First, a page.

While incarcerated for violating the Espionage Act in 2013, former U.S soldier Chelsea Manning sent cheek swabs and hair clippings to visual artist Heather Dewey-Hagborg, who turned those DNA samples into 30 3D-printed masks. Come August, reports ArtNews, New Yorkers will get the chance to see each one of those masks in the flesh at a new exhibition entitled, A Becoming Resemblance. The collaborative new exhibition coming to the Fridman Gallery marks Manning's art world debut. According to the gallery, the exhibition focuses on themes surrounding gender identity and emerging technologies, exploring how these concepts impact one another and how they are interpreted by modern day society.
In a statement to the gallery, Manning describes the collaboration: "Prisons try very hard to make us inhuman and unreal by denying our image, and thus our existence, to the rest of the world. Imagery has become a kind of proof of existence. The use of DNA in art provides a cutting edge and a very post-modern—almost 'post-post-modern'—analysis of thought, identity, and expression. It combines chemistry, biology, information, and our ideas of beauty and identity."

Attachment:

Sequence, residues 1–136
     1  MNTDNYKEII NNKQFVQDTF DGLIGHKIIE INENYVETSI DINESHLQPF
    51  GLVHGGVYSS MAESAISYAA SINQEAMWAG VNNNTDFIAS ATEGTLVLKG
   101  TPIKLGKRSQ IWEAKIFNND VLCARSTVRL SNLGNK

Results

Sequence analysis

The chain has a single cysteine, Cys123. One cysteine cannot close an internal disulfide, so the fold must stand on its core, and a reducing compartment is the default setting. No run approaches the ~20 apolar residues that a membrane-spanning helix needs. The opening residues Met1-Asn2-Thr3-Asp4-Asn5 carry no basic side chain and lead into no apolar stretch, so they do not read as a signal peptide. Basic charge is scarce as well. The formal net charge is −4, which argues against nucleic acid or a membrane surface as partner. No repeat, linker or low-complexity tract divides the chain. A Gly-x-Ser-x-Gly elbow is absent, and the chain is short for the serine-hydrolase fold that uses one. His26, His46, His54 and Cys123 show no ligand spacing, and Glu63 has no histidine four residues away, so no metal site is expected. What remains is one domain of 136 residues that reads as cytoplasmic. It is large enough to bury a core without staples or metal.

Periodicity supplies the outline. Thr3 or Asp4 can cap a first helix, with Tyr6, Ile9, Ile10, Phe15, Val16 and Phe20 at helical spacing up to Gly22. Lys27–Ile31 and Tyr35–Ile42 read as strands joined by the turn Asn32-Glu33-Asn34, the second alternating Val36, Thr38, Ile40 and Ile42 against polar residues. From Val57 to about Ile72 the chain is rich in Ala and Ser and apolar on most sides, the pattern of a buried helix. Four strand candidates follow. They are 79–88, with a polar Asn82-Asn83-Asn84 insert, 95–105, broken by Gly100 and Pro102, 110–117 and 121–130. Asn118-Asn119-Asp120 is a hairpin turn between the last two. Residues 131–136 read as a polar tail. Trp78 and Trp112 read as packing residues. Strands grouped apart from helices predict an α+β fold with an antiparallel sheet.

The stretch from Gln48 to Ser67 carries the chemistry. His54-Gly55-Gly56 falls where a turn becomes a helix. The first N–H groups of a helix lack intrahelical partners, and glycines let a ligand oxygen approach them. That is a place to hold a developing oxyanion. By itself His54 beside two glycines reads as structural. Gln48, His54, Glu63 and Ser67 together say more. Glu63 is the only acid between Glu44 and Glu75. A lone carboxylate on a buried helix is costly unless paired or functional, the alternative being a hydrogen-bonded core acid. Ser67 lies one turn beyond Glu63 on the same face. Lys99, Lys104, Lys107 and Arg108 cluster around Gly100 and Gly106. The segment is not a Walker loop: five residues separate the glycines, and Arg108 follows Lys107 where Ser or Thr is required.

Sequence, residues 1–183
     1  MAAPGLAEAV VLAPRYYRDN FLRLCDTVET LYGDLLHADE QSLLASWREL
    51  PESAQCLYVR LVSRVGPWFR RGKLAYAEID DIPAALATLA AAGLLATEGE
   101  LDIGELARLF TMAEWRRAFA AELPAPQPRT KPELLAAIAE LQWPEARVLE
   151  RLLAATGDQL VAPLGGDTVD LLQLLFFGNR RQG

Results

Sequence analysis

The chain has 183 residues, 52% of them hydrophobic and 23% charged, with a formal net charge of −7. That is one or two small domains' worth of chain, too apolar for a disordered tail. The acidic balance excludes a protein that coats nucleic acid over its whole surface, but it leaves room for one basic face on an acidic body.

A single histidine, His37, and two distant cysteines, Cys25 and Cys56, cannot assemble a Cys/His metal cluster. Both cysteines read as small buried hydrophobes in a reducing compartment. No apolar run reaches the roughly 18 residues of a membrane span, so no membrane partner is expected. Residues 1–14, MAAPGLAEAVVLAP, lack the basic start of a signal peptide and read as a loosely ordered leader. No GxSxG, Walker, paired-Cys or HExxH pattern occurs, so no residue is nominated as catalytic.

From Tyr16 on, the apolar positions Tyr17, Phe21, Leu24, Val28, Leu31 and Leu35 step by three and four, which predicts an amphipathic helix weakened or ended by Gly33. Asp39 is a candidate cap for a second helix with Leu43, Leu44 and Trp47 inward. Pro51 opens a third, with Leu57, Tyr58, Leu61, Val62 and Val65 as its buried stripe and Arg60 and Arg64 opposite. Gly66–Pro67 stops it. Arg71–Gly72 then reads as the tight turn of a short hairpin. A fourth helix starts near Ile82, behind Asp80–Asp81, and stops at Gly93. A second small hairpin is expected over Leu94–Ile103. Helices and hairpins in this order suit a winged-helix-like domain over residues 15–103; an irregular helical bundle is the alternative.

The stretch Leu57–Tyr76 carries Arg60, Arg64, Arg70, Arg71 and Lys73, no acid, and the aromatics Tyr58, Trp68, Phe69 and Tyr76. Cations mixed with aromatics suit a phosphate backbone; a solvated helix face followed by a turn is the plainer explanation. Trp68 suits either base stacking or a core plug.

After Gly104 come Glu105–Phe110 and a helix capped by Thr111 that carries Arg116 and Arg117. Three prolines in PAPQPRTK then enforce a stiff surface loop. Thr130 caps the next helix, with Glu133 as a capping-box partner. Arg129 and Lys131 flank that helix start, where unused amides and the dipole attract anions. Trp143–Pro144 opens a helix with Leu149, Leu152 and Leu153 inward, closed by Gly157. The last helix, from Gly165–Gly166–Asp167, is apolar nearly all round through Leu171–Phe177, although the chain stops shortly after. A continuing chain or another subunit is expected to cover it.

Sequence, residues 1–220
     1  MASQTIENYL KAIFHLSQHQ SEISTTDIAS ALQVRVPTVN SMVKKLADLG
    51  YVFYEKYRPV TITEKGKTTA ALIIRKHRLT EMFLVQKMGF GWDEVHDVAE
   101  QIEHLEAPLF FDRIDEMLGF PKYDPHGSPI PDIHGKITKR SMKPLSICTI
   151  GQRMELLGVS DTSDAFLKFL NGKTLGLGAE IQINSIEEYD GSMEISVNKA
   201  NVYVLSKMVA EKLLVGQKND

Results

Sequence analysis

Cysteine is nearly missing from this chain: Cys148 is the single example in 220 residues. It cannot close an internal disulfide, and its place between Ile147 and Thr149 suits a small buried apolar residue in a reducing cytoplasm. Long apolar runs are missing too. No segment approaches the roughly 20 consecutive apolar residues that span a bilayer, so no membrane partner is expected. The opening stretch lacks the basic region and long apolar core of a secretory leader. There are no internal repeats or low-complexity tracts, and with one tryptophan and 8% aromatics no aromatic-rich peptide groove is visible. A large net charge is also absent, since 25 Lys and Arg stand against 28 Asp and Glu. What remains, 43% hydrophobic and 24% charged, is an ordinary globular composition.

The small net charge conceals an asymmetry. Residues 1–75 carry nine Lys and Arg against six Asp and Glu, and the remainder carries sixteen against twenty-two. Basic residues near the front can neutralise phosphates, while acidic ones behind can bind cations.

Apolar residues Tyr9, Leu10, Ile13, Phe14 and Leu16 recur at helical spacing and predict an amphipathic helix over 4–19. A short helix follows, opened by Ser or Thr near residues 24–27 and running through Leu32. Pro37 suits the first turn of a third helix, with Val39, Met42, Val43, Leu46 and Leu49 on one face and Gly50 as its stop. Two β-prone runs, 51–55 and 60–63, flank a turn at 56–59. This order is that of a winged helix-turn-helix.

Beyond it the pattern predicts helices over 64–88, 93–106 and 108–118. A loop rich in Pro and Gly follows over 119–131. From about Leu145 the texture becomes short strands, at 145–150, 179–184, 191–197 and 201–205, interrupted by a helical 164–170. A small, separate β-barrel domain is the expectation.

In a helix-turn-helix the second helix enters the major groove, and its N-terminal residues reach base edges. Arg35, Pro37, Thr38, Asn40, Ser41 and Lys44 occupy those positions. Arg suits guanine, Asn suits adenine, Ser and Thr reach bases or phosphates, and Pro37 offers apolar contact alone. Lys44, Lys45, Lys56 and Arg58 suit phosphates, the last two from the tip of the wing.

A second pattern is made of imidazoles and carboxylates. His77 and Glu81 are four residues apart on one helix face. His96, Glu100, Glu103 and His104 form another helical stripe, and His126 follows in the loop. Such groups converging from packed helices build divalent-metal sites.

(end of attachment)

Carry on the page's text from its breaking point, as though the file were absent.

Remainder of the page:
In addition to the portrait masks, the exhibition will also include works from a series titled Suppressed Images, a comic book illustrated by visual artist Shoili Kanungo wherein Dewey-Hagborg and Manning envision a future in which Obama commutes Chelsea's sentence. The artists first started working on the project before Manning had been released. According to the gallery, the graphic short story ends with Manning showing up to an exhibition of her own portraits. The gallery writes, "The first part of the forecast came true just several hours after the comic had been published: Obama commuted Chelsea's prison sentence and she has now been released. The present exhibition is the realization of the second part of the forecast: for the first time Chelsea will be able to view the portraits produced from her DNA in person." Check out more works from the show below:
Learn more about the show at the Fridman Gallery's website.